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Bram

Bram

Hi Sam, Thanks for sharing your thoughts!
I think I agree with most things you're saying, and I'm sorry that the practices I shared didn't come over as clear as I hoped them to come over. Because I'm not saying anything about targets having to be numerical at all :) I'm simply describing the practises we witnessed in different organizations. Some indeed have numerical targets, that were formulated much closer by using better or more specific measurements like you're mentioning. And some didn't have things like that at all. They simply gave there employees a share in the outcome. The latter is perhaps not as specific, but nevertheless it's still a target!

Why would you measure something if your intention is not to use that information for example to change direction/course/target?

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Sam Spencer

Sam Spencer

You're welcome Bram. And thank you for writing the article. It's great to see you raise this important topic, as targets have caused so much dysfunction where I work in the UK public sector.

It sounds like we're probably pretty much in agreement.

I think it's partly to do with the meaning we attach to words. When I read 'targets' I immediately think of an arbitrary number that's used to judge 'performance' of a person, team, or organisation. That's when the bad stuff happens.

However, if you're clear about purpose (and in the public sector that's usually some form of social purpose), that helps the good stuff happen. To know if you are achieving that purpose, so you can improve, you need to use the right measures in the right way.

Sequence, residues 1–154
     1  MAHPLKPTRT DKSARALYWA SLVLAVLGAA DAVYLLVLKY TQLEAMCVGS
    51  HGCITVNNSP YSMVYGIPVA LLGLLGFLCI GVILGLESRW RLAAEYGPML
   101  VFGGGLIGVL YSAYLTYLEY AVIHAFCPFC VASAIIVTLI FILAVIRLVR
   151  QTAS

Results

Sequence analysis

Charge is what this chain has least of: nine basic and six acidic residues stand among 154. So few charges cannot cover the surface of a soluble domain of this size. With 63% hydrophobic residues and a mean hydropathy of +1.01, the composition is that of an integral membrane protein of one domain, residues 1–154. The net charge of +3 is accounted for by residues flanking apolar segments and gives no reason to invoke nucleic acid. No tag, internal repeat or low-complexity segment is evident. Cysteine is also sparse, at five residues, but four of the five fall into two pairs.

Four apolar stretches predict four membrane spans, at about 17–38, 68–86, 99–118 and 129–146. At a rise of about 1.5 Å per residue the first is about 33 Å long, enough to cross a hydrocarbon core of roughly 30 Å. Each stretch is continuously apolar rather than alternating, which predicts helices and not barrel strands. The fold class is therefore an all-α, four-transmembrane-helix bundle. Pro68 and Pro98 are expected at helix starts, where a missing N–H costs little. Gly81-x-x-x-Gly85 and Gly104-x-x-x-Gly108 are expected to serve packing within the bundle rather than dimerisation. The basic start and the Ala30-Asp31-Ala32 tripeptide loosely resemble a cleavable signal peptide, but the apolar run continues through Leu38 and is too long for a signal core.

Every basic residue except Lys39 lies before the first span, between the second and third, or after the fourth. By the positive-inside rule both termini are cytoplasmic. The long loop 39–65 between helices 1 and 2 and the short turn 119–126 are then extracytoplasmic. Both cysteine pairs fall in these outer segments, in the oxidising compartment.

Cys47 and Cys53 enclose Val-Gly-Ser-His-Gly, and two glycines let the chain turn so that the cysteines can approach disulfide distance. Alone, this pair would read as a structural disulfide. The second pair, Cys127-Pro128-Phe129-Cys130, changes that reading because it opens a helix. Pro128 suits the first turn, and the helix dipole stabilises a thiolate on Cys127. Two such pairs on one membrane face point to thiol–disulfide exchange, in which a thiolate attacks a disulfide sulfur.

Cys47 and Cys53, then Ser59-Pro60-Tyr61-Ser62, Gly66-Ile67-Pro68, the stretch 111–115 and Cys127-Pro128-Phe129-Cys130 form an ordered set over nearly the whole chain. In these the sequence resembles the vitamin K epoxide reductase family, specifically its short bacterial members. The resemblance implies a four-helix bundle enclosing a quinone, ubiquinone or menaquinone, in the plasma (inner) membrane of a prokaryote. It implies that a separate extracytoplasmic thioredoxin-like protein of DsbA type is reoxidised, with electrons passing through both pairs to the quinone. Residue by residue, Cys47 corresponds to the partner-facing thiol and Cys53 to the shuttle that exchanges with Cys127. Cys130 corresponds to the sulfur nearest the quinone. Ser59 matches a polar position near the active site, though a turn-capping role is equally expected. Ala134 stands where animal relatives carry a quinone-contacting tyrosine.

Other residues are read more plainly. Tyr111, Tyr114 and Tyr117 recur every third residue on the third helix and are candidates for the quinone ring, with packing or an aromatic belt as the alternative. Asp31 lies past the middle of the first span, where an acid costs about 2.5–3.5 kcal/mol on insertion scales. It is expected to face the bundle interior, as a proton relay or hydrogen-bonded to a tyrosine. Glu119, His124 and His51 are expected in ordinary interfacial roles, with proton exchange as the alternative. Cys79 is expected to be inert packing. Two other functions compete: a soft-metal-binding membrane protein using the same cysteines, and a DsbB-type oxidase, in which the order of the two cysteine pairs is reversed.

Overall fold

For me, the most important thing is the intention. Are you measuring in order to judge or blame, or are you doing it so you can learn and improve? If you get the intention right then what else follows will probably be right too.

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Leonie

Leonie

I experienced management trying to push to cheat the system by trying to get existing clients and existing contracts on web-based contracts only to achieve a certain percentage. Even though employees were not feeling comfortable doing this.

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Erik Bouwer

Erik Bouwer

Goed stuk! Perverse prikkels of perverse KPI’s gaan nog een stapje verder. https://www.agconnect.nl/artikel/vijf-perverse-constructies

| | 1 | Flag
Bram

Bram

@Sam, Thanks for elaborating. Good to see we're on the same team ;)

@Leonie Oh wow that's bad! And based on the amount of likes your post got you're not alone in experiencing that!
Curious to see if anyone else can top it!

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Dagmar

Dagmar

Thanks for this inspiring article!
I have seen that individual goals can hinder team work happening. I have worked in an organization with a huge sales team. Revenue was depending on the contract amounts. Sales were organized in regional teams. So the boss of the team ensured he got the hottest, easiest and heaviest leads. Juniors only got the worst, lowest clients. Even if THEY had established an interesting client contact, it got taken away from them. Wow, imagine how frustrating this is for a young person and how this method changes their values to the bad side. And the consequence - the churn rate was tremendous, especially women were disgusted by this work mode...

| | 5 | Flag